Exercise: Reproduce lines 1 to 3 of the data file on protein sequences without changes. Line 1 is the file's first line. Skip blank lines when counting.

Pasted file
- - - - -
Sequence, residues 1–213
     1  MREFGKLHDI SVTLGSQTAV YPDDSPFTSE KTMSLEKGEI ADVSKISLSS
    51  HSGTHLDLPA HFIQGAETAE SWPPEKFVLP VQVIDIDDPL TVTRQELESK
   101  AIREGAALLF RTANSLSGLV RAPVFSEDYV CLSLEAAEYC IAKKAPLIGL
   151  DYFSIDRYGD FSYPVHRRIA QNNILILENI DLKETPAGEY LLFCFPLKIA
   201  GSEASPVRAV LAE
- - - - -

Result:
Sequence, residues 1–213
     1  MREFGKLHDI SVTLGSQTAV YPDDSPFTSE KTMSLEKGEI ADVSKISLSS
    51  HSGTHLDLPA HFIQGAETAE SWPPEKFVLP VQVIDIDDPL TVTRQELESK